The United Nations-backed International Criminal Court (ICC) has sentenced the former Congolese Vice-President, Jean-Pierre Bemba Gombo, to another year in prison and about $325,000 in fines for interfering with his trial.
Judges ordered the that the sentence be served consecutively to Mr. Bemba’s existing 18 year sentence for war crimes and crimes against humanity committed in the Central African Republic between October 2002 and March 2003.
In their ruling, the judges ordered the fine to be paid within three months to the ICC and then transferred to the Trust Fund for Victims, according to a press release.
Mr. Bemba, along with two of the four other people accused, were found guilty in October ‘for having jointly committed the offences of intentionally corruptly influencing 14 defence witnesses, and presenting their false evidence to the court’.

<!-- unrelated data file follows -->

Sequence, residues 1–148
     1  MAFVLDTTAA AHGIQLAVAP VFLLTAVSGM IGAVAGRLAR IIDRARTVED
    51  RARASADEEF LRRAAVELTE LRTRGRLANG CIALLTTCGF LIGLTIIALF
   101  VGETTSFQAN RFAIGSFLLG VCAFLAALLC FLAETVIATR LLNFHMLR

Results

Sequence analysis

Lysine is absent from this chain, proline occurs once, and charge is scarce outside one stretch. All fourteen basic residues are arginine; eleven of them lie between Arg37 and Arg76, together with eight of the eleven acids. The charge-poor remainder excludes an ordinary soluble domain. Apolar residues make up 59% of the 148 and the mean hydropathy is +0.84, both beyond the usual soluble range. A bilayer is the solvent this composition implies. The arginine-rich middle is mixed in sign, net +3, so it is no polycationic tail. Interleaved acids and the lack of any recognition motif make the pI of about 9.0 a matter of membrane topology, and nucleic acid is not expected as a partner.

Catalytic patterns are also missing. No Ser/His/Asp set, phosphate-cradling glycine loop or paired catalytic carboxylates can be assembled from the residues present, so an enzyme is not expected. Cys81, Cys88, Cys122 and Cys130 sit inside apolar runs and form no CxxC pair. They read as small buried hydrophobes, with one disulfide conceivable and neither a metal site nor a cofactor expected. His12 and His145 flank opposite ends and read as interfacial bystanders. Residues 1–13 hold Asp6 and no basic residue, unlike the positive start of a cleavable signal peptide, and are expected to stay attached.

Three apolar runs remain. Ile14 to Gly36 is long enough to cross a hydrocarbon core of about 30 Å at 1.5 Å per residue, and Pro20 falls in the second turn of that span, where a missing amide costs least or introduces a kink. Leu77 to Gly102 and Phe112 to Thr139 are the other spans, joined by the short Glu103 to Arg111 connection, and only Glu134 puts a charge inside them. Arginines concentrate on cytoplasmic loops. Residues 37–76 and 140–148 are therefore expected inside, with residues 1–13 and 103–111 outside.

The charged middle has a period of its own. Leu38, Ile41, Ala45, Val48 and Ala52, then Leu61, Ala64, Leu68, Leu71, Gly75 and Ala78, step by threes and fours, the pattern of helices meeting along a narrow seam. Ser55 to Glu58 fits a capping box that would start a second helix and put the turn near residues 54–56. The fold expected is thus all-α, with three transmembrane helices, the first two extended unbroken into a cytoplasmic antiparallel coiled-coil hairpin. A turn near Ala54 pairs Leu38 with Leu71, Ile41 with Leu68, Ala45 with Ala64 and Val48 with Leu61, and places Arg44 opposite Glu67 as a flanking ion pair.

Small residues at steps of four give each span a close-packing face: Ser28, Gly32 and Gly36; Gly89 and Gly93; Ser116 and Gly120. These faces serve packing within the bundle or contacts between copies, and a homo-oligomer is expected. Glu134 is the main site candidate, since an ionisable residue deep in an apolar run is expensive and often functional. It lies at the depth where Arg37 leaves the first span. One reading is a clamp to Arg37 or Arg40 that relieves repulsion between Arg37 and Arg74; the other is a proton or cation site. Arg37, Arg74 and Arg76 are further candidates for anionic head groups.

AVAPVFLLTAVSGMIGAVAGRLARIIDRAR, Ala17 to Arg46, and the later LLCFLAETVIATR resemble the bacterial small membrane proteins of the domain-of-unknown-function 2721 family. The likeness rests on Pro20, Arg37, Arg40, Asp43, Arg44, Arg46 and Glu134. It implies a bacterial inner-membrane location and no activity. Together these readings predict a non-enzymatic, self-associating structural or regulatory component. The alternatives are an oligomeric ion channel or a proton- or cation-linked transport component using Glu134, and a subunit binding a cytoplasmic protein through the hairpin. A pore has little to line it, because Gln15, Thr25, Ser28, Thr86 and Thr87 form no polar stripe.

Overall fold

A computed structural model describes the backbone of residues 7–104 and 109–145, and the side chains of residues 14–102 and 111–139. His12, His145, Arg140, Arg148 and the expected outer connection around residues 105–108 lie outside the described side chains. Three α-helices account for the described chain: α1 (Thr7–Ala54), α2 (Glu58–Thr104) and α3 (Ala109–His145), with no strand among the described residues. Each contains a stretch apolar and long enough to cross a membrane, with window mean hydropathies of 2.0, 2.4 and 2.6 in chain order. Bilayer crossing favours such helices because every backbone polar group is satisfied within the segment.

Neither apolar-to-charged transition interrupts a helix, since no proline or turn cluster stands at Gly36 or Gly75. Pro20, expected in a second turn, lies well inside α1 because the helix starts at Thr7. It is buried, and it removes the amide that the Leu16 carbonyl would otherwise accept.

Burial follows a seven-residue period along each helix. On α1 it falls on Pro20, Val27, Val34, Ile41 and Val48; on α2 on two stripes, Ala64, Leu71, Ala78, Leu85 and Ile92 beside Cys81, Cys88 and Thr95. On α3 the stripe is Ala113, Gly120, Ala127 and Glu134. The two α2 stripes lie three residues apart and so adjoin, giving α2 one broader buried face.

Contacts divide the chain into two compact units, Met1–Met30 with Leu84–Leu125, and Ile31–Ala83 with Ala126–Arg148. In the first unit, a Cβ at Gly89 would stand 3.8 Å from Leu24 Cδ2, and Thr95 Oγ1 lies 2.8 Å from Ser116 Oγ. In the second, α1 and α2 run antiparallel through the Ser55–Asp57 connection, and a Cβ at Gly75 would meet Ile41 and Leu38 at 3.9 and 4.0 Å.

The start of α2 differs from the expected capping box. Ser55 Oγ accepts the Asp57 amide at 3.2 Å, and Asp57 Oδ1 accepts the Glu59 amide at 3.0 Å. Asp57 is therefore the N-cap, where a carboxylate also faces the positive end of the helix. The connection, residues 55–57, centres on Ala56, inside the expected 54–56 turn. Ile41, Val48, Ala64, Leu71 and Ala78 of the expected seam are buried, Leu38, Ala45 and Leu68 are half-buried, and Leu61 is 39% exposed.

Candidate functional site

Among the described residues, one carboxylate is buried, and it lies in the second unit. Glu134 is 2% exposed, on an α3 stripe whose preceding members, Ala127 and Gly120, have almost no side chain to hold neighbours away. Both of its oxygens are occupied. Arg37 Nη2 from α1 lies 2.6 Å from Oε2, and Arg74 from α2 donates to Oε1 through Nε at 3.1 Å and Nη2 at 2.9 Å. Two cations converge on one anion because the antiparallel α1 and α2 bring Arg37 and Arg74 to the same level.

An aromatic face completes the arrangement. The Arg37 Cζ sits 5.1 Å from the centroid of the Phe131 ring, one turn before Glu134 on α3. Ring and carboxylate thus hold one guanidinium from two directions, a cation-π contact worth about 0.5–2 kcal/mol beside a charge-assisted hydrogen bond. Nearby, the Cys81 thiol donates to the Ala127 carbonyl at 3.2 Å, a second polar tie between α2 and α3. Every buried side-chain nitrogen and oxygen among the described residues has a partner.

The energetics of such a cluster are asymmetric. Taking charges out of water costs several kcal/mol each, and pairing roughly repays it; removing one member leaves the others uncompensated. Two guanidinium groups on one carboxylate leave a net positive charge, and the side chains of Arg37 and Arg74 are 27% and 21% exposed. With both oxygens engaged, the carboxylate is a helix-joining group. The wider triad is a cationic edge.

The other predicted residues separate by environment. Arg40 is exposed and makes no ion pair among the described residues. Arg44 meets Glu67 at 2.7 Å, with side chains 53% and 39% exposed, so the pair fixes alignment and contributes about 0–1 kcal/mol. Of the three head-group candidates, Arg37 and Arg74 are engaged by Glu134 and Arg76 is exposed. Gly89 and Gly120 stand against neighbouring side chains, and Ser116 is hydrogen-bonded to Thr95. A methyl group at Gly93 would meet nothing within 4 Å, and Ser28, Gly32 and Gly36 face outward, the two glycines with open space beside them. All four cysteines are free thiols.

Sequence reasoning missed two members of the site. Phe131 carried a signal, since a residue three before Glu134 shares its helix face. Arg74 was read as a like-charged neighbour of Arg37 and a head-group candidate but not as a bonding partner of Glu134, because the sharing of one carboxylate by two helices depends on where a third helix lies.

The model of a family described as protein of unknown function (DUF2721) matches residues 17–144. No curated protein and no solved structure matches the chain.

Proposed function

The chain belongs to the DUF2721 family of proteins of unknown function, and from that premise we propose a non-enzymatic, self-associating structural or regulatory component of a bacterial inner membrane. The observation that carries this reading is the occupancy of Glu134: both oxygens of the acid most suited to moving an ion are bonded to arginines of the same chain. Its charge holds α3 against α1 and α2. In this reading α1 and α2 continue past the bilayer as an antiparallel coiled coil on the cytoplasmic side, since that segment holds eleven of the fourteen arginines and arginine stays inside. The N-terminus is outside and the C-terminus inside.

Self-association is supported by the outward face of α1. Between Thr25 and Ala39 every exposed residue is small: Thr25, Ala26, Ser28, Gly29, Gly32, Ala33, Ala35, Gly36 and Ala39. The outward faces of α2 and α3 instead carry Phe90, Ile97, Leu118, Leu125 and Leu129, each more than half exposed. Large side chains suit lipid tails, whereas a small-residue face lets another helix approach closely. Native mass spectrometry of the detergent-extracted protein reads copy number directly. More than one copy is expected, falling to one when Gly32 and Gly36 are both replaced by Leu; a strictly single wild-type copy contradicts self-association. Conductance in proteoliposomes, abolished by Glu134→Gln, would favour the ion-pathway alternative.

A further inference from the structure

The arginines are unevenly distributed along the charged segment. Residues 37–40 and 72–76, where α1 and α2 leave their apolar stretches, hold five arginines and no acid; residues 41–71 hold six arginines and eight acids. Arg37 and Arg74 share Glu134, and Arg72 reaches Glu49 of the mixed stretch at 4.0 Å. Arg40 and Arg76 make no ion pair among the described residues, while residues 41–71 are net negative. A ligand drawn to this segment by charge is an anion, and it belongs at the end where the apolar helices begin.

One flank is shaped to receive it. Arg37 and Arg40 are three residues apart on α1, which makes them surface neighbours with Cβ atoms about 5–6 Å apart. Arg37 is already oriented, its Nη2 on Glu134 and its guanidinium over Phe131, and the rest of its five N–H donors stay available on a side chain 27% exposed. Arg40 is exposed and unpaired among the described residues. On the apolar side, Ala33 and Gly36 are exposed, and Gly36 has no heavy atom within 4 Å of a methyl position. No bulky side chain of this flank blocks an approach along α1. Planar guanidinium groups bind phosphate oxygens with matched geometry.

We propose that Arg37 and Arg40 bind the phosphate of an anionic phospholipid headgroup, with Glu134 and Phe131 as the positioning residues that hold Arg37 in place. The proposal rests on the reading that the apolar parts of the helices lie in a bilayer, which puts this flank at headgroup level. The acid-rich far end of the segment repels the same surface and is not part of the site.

Mr. Bemba was also found guilty of soliciting the giving of false testimony by the 14 defence witnesses and attempting to corruptly influence two defence witnesses.
These charges were in addition to the main ruling issued in March 2016, in which the ICC found Mr. Bemba guilty beyond reasonable doubt on two counts of crimes against humanity (murder and rape) and three counts of war crimes (murder, rape and pillaging) committed in the Central African Republic in 2002-2003.
Mr. Bemba had been the commander-in-chief of the former Congolese rebel group, the Movement for the Liberation of Congo, as well as a vice-president of the Democratic Republic of the Congo during the 2003-2006 transition.